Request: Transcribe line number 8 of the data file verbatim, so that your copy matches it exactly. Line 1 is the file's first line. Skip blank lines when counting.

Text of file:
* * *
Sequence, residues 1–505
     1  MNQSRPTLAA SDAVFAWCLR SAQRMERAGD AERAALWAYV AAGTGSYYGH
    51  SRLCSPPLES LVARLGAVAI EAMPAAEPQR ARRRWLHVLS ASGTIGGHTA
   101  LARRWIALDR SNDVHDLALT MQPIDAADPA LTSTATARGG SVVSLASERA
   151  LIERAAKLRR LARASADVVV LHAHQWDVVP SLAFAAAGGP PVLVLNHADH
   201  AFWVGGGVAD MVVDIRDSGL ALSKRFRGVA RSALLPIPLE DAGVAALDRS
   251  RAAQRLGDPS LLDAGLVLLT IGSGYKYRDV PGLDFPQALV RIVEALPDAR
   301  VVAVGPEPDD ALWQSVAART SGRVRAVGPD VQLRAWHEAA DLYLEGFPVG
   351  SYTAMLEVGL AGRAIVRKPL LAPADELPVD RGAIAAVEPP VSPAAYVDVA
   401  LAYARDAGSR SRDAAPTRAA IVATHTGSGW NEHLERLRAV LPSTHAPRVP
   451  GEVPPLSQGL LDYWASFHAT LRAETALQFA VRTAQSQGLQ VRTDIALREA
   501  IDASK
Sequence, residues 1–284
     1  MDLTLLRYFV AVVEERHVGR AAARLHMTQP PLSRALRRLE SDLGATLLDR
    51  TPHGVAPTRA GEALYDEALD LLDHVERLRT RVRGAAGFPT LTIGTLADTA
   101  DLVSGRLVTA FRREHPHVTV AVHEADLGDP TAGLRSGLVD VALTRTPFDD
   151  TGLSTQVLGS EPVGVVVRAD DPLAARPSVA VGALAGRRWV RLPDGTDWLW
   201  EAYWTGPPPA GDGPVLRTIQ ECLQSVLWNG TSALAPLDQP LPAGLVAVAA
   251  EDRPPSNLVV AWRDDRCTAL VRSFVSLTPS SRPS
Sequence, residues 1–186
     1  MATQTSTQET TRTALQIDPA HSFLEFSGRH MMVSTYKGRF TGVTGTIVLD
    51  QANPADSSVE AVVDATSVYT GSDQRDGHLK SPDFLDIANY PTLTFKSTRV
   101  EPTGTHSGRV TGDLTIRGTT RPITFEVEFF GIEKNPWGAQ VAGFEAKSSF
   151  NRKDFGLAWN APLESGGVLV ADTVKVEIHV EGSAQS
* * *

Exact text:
   301  VVAVGPEPDD ALWQSVAART SGRVRAVGPD VQLRAWHEAA DLYLEGFPVG